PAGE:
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Prime-minister-designate Justin Trudeau stops to meet members of the public on his way to a press conference in Ottawa on October 20, 2015. (Sean Kilpatrick)
Prime-minister-designate Justin Trudeau stops to meet members of the public on his way to a press conference in Ottawa on October 20, 2015. (Sean Kilpatrick)

Trudeau sticks by pledge to end air strikes against Islamic State Add to ...

Justin Trudeau was still celebrating when the White House raised its first qualms about his agenda: Washington wants Canada to stick with the mission fighting Islamic State in Iraq and Syria.

But the prime-minister-designate told his first press conference that he will fulfill an election promise to pull out of air strikes, and made that clear to U.S. President Barack Obama in a telephone call Tuesday afternoon.

Trudeau says Islamic State mission, Keystone came up in chat with Obama (CP Video)

It marked a first challenge to Mr. Trudeau, and a signal that international challenges will rush in quickly, even as a list of domestic promises waits.

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White House press secretary Josh Earnest said the President hopes to work with Mr. Trudeau on issues including climate change, but underlined Mr. Obama’s agenda: The U.S. hopes Canada will support the Trans-Pacific trade agreement – and wants Canada to carry on with the IS mission.

“We hope that we can continue to count on their ongoing support for this very important mission,” Mr. Earnest said.

For Mr. Trudeau, who has promised to warm relations with the United States, it is a sensitive challenge. He had his first congratulatory call from the U.S. President, then insisted at the press conference that Mr. Obama “understands” he has made campaign commitments to withdraw from air strikes.

But Mr. Trudeau, who has pledged to continue the training role of Canadian troops in Iraq, sounded at times more like someone signing up than a leader planning to quit the bombing mission.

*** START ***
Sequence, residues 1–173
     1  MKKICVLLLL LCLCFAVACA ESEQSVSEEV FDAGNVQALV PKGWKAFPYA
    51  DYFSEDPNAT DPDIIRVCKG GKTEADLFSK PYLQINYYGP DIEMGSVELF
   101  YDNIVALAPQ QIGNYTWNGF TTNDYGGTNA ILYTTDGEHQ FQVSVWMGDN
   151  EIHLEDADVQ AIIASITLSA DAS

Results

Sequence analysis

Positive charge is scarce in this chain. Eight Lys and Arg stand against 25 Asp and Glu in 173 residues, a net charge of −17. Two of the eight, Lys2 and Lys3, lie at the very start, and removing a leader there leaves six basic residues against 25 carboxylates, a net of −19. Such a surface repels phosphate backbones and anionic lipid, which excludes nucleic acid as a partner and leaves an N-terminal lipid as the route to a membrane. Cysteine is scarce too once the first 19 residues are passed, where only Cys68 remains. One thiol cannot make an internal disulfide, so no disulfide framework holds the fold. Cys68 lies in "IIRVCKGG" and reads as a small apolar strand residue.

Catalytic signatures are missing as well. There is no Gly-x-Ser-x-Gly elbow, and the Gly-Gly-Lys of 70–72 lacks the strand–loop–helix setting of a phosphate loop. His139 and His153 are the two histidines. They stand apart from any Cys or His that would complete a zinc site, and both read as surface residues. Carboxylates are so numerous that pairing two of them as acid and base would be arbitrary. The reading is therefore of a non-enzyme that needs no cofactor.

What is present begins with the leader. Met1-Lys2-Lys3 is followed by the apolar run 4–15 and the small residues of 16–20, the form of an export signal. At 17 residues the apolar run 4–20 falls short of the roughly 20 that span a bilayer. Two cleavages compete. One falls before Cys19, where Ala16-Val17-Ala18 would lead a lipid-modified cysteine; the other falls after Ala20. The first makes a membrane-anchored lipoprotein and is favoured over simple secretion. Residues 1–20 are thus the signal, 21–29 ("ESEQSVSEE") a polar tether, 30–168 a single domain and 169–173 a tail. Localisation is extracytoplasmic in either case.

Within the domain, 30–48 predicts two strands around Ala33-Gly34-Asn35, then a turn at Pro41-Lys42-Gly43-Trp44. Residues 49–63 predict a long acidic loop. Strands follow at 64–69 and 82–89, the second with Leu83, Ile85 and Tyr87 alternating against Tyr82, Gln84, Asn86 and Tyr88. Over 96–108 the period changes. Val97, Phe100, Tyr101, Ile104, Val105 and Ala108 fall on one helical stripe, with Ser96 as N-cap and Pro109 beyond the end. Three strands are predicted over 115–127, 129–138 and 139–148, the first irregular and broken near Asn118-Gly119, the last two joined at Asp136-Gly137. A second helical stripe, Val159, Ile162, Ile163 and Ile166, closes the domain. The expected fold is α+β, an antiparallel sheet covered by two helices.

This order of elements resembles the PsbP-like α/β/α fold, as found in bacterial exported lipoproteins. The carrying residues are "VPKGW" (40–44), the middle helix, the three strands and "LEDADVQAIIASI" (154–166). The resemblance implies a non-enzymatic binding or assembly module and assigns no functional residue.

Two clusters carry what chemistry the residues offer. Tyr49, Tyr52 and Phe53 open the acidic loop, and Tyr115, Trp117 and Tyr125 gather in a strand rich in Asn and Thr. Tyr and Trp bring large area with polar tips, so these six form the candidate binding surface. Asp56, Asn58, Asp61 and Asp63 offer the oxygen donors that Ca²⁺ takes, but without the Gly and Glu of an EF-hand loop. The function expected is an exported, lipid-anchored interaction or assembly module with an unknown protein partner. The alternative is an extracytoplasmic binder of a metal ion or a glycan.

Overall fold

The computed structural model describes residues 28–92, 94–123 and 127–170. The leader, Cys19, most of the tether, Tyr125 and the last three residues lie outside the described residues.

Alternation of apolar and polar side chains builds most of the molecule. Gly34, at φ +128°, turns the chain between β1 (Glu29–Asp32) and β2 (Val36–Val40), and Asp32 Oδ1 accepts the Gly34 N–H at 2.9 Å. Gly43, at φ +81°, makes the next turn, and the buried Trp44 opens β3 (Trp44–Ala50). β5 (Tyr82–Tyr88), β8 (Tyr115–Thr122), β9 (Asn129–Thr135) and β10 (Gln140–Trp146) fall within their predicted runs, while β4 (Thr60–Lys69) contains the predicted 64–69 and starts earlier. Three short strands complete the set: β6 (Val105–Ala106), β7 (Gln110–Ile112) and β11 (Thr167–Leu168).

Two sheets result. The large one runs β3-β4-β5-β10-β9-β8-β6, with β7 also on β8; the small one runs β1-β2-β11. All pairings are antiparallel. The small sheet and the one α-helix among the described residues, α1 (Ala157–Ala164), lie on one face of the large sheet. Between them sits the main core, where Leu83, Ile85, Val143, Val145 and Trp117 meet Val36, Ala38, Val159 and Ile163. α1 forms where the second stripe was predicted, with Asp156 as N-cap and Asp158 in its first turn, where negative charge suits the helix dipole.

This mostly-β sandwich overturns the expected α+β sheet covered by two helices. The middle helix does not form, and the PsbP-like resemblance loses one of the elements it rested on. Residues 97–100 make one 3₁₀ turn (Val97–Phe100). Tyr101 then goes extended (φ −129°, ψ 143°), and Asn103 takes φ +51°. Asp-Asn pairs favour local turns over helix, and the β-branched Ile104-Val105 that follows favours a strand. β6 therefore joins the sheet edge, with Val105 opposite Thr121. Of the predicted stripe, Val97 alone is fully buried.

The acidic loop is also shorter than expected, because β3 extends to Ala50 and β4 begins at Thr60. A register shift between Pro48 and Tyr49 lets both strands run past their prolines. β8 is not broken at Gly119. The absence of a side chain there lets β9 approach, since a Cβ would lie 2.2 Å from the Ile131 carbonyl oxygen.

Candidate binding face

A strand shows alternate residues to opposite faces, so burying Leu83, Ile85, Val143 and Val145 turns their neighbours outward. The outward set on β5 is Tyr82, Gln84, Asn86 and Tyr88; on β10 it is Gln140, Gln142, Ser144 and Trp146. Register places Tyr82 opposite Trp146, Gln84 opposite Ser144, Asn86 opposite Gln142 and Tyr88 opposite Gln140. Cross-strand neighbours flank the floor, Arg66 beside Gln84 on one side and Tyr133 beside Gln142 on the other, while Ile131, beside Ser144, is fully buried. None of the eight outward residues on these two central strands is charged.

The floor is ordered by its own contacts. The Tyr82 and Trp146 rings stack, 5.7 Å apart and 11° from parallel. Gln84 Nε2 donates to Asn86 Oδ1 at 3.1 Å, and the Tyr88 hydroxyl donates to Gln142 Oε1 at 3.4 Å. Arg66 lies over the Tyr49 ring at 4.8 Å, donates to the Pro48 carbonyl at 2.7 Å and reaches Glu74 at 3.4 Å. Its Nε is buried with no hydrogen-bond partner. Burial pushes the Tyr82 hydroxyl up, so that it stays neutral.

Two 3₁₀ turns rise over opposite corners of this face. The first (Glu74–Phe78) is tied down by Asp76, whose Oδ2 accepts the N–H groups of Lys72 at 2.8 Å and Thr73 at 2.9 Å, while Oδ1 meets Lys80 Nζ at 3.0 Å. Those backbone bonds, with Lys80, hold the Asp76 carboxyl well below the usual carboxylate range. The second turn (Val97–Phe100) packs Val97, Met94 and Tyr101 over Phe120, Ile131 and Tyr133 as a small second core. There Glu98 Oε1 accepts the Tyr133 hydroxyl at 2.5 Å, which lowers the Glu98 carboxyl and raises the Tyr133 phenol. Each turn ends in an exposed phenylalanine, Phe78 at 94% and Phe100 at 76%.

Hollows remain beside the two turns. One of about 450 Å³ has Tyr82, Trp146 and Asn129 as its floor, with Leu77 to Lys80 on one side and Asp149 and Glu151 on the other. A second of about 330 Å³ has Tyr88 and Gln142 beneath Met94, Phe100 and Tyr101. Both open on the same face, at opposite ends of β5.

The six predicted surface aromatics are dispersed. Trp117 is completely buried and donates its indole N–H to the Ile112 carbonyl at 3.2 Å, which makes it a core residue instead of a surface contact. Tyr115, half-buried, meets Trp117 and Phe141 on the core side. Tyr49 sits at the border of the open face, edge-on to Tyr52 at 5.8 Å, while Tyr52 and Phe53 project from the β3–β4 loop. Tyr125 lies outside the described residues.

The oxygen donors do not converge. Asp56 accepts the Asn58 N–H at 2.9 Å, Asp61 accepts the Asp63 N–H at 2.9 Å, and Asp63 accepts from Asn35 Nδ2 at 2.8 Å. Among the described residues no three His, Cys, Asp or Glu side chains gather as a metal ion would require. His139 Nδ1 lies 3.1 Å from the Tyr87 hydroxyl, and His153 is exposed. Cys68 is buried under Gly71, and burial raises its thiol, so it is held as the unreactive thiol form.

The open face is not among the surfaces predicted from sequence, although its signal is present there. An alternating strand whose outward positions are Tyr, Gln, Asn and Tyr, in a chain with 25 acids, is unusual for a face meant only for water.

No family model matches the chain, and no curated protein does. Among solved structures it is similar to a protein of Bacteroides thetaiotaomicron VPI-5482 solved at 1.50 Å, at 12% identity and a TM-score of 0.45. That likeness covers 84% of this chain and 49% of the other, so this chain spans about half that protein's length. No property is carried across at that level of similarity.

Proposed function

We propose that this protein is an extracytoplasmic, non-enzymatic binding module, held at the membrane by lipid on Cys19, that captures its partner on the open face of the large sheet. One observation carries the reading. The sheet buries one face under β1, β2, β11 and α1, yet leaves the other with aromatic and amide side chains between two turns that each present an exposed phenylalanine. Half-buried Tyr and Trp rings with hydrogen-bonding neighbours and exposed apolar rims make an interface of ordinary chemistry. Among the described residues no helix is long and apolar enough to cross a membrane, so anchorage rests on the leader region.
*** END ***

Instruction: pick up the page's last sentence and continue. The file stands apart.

“I committed that we would continue to engage in a responsible way that understands Canada has a role to play in the fight against [IS],” he said at a press conference. He didn’t say precisely when he’d withdraw Canadian CF-18s, only that it would be done in a “responsible” manner.

Politically, Mr. Trudeau cannot completely backtrack on his controversial promise to pull out of the IS air strikes mission.

But his tone Tuesday suggested he’ll try to manage the political symbolism. The Obama administration will hope to ensure Canadian withdrawal from air strikes isn’t interpreted as a weakening of international support for the mission.

Mr. Trudeau could choose to leave Canadian fighters in the mission for months, perhaps until the year-long mandate voted by Parliament runs out in March. Aides said decisions on the timelines are yet to be made. Or he could expand the training mission as he withdraws the jets – just as Stephen Harper’s government committed to training in Afghanistan when it withdrew combat troops.

It’s an issue that could complicate Mr. Trudeau’s efforts to show he has improved relations with the U.S., and end what he called “an era of antagonism” under Mr. Harper’s tenure.

Both Mr. Trudeau and Mr. Earnest, the White House press secretary, were at pains to stress the broad cross-border relationship, and to minimize the importance of the long-delayed approval of the Keystone XL pipeline. Mr. Trudeau said he chose not to raise the pipeline in his first call with Mr. Obama because he didn’t want to focus on “a single point of potential disagreement.”

Both also emphasized a potential shift on Canada’s climate-change policy, with Mr. Earnest saying the White House believes Canada could do more, and Mr. Trudeau saying he looks forward to demonstrating that there’s now going to be a Canadian government that will be engaged on climate-change issues.

On the Trans-Pacific Partnership, the 12-nation trade agreement concluded earlier this month, Mr. Obama wants assurances that Mr. Trudeau will ratify it, as he prepares a political campaign to push the agreement through the U.S. Congress. And the White House issued a statement later suggesting Mr. Trudeau agreed the TPP should go ahead.

During the campaign, Mr. Trudeau had hinted he would favour the TPP, the text of which has not yet been made public, but refused to definitively commit to ratifying it.

But after his phone call with Mr. Obama on Tuesday, the White House summary suggested Mr. Trudeau had indicated he wants the TPP to be implemented. The statement said the two had noted “the need to move forward with implementing the high standards of the agreement, which promised to boost economic growth and support good-paying jobs on both sides of the border.”

An aide to Mr. Trudeau said the prime-minister-designate reiterated to Mr. Obama that he is pro-trade, but is committed ‎to holding a debate on the TPP in Parliament.

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